Invisible Emmie: Emmie & Friends, Book 1

Book review by
Darienne Stewart, Common Sense Media
Invisible Emmie: Emmie & Friends, Book 1 Book Poster Image
Texting drama helps an insecure and popular girl connect.

Parents say

age 13+
Based on 2 reviews

Kids say

age 9+
Based on 7 reviews

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A lot or a little?

The parents' guide to what's in this book.

Educational Value

Shows how one situation can seem very different depending on your perspective. Portrays symptoms of anxiety and a few techniques for coping.

Positive Messages

Standing up for someone -- yourself or others -- takes great courage and can have great impact. Making a joke about an embarrassing moment can effectively lessen the sting. If you don't take chances and reach out, you can't connect with others and make friends.

Positive Role Models

Emmie learns how to roll with the flow in school and not let her self-consciousness govern how she interacts with others. She starts to speak up for herself and be open to genuinely connecting with other people. Brianna is empathetic and has the courage to sincerely apologize when she's selfish. Katie acknowledges she's lucky, but she also works hard by studying, practicing, and taking care of herself. Emmie has a comfortable relationship with her family, though she feels a little lonely. She knows her mother will be receptive to hearing about her long, difficult day and how she handled it.

Violence & Scariness

Student texts classmates to humiliate a student. Classmates snicker at another student.


Kid calls another a "jerk."

What parents need to know

Parents need to know that Invisible Emmie is a graphic novel about two very different middle-school girls: one self-conscious and insecure, the other confident and popular. Emmie feels left out at home (she's an "oops baby") and at school (she describes herself as quiet, awkward, and "flat as a pancake"). Emmie is targeted by a bully who shares a note Emmie meant to be private, making for a horrible day at school. Meanwhile, popular Katie is increasingly distressed over how Emmie is being treated -- and finds herself feeling more isolated as the day goes on. A surprising twist reveals that the two girls have more in common than anyone might expect. It's the first novel by Terri Libenson, best known for her comic strip The Pajama Diaries. And it's the first in the Emmie & Friends series.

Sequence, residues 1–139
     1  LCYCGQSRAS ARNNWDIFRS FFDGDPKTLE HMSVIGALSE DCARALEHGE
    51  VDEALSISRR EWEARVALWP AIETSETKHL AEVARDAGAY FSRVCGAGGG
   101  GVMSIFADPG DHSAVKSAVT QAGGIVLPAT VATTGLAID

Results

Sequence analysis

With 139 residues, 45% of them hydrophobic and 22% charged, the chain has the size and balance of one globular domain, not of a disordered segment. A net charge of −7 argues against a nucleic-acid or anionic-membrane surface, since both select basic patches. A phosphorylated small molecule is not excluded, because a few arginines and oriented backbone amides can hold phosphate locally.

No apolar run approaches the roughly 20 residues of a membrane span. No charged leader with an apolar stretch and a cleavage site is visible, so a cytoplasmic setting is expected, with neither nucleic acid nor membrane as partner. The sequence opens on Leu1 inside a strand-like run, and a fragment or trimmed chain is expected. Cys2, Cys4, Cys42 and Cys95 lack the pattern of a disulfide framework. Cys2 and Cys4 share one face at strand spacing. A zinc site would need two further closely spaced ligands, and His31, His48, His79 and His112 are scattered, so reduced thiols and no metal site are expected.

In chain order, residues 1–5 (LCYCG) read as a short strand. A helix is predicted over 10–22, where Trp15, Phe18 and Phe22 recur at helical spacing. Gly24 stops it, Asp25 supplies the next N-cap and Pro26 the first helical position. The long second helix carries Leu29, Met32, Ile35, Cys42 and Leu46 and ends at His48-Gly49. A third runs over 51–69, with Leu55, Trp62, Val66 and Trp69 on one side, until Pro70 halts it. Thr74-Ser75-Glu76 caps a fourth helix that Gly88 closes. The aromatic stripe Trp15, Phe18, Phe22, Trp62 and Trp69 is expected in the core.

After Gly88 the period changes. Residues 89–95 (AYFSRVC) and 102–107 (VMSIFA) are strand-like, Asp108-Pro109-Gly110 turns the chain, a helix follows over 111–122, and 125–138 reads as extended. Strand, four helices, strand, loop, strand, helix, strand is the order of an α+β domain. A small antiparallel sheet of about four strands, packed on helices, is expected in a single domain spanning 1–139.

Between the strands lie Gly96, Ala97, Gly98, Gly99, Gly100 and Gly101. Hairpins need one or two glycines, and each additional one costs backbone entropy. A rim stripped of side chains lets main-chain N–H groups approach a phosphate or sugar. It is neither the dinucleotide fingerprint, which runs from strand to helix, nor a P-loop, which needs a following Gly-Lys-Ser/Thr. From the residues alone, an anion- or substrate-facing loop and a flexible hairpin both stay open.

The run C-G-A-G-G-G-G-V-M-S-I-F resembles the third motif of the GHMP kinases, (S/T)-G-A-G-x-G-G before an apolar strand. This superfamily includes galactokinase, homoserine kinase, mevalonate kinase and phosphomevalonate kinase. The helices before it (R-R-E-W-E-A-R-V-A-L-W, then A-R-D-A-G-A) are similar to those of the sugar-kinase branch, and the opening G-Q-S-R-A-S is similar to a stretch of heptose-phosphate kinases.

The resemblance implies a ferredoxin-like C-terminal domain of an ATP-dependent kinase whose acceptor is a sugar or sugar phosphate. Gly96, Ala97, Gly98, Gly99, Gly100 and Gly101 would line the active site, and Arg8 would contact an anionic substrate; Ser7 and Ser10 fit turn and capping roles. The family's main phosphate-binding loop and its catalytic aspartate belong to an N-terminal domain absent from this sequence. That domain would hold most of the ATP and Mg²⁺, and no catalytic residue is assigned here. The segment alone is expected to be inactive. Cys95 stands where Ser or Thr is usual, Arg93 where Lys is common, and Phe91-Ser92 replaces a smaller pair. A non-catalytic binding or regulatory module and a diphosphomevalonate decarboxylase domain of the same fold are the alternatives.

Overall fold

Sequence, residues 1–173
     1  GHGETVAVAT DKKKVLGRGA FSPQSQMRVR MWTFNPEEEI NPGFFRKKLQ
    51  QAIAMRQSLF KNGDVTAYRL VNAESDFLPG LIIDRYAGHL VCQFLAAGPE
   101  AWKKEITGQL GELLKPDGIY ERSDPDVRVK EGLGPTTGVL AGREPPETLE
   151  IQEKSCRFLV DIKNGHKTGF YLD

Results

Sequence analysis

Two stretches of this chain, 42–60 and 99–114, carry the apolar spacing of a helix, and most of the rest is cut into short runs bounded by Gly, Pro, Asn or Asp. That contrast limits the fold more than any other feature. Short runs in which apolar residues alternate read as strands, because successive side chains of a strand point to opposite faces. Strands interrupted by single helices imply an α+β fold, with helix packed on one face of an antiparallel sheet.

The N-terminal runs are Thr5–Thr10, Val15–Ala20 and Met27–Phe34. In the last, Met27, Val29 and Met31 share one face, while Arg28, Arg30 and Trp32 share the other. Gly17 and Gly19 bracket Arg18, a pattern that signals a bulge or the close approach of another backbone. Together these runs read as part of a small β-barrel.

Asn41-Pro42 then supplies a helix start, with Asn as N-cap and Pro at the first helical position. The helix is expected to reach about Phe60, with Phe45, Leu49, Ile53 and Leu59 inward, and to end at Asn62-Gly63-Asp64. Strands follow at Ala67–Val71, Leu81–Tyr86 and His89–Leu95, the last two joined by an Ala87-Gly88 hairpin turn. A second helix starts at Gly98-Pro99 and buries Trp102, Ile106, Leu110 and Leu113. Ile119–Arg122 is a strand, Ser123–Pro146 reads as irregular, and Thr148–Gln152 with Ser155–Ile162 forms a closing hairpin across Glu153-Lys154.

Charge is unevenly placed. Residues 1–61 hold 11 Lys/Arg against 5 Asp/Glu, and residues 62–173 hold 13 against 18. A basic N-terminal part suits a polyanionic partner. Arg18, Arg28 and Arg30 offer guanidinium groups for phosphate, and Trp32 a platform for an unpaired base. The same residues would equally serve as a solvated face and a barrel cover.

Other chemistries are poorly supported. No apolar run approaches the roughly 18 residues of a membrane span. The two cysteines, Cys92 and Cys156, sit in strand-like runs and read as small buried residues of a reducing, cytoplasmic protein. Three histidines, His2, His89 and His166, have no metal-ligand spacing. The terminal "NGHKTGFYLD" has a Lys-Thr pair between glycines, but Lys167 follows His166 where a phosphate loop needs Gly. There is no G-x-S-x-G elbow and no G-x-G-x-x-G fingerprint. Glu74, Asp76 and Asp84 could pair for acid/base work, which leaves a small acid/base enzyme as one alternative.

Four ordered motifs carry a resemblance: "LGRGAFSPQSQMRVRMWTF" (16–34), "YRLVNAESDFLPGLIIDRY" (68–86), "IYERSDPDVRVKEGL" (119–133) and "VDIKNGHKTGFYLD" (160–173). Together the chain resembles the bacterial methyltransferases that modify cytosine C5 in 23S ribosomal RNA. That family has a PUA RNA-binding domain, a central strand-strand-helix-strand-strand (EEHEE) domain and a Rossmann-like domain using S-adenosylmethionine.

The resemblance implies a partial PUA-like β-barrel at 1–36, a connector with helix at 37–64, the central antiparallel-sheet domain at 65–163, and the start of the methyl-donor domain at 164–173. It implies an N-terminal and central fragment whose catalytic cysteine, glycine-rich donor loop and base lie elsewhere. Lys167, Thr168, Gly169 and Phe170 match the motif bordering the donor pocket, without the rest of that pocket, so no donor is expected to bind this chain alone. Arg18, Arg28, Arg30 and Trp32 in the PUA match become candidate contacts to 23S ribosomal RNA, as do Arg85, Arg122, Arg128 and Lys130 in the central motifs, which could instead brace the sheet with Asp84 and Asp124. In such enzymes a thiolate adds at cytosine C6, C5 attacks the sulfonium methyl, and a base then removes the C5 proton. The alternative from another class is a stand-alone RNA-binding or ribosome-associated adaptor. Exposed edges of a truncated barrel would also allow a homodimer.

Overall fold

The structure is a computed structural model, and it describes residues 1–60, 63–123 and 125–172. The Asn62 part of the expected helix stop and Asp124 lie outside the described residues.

User Reviews

  • Parents say
  • Kids say
Parent of a 5 and 8-year-old Written bySarah D. March 8, 2018

just "meh." Not educational. Maybe entertaining?

I read a few sections of this book over my 8 year old's shoulder and found it to be inappropriate for her, not because it was violent or used poor language... Continue reading
Adult Written byMax371768 December 19, 2018

Why its 13 and up

The book doesn't have anything bad to make it to 13 and up but it is mostly about what a teen would be feeling in middle school and 4th and 5th graders wo... Continue reading
Kid, 11 years old March 28, 2018

Cliche, but entertaining

This book was sold at the Scholastic Book Fair at my school. I don't usually read books that have that many pictures, but I thought the cover looked pretty... Continue reading
Teen, 13 years old Written byArianagrandefangirl July 10, 2019

Great book for middle school girls

This book is fine for girls younger than 11yrs but I don’t think they would be able to relate

What's the story?

INVISIBLE EMMIE follows two girls having very different experiences in seventh grade. Emmie describes herself as "quiet, skinny, and flat," and she feels invisible. Aside from her friend Brianna, no one seems to notice or care about her. Katie is smart, athletic, pretty, and popular -- it seems to come naturally for her, though she works hard to succeed on so many fronts. Katie's delighted when Tyler asks her out. Emmie has a secret crush on him, too, and she and Brianna jokingly write love letters to their crushes. A class bully finds Emmie's letter and shares it throughout the school, leaving Emmie squirming in the spotlight. Katie wants to help her out -- but Emmie wants to find her own voice.

Is it any good?

Cartoonist Terri Libenson gets to the heart of middle school anxieties with her keenly felt -- and funny -- debut novel about two unalike seventh-graders having an emotional roller coaster of a day. Libenson, who focuses on family life in her comic strip, The Pajama Diaries, shows a deep understanding of how painful middle school can be for insecure kids in Invisible Emmie.

Libenson presents Emmie's story with smaller, detailed art in muted colors surrounded by text but tells confident Katie's story with large comics-style panels, bold lines, and bright colors. Emmie is self-deprecatingly funny, and it's easy to root for her as she starts to shed her overly sensitive skin. Katie's storyline might seem unsettling to readers: As she admirably confronts the boys mocking Emmie, Katie feels ignored and cast aside. The surprise ending resolves this nicely, but the message about standing up to unkind behavior gets a little muddled.

Talk to your kids about ...

  • Families can talk about how Invisible Emmie finds her voice. What changes once she starts speaking up for herself?

  • Which character seems more realistic to you: Katie or Emmie? Why?

  • Have you ever found a sense of humor helpful when you felt uncomfortably in the spotlight?

Book details

Our editors recommend

For kids who love graphic novels and middle school stories

Themes & Topics

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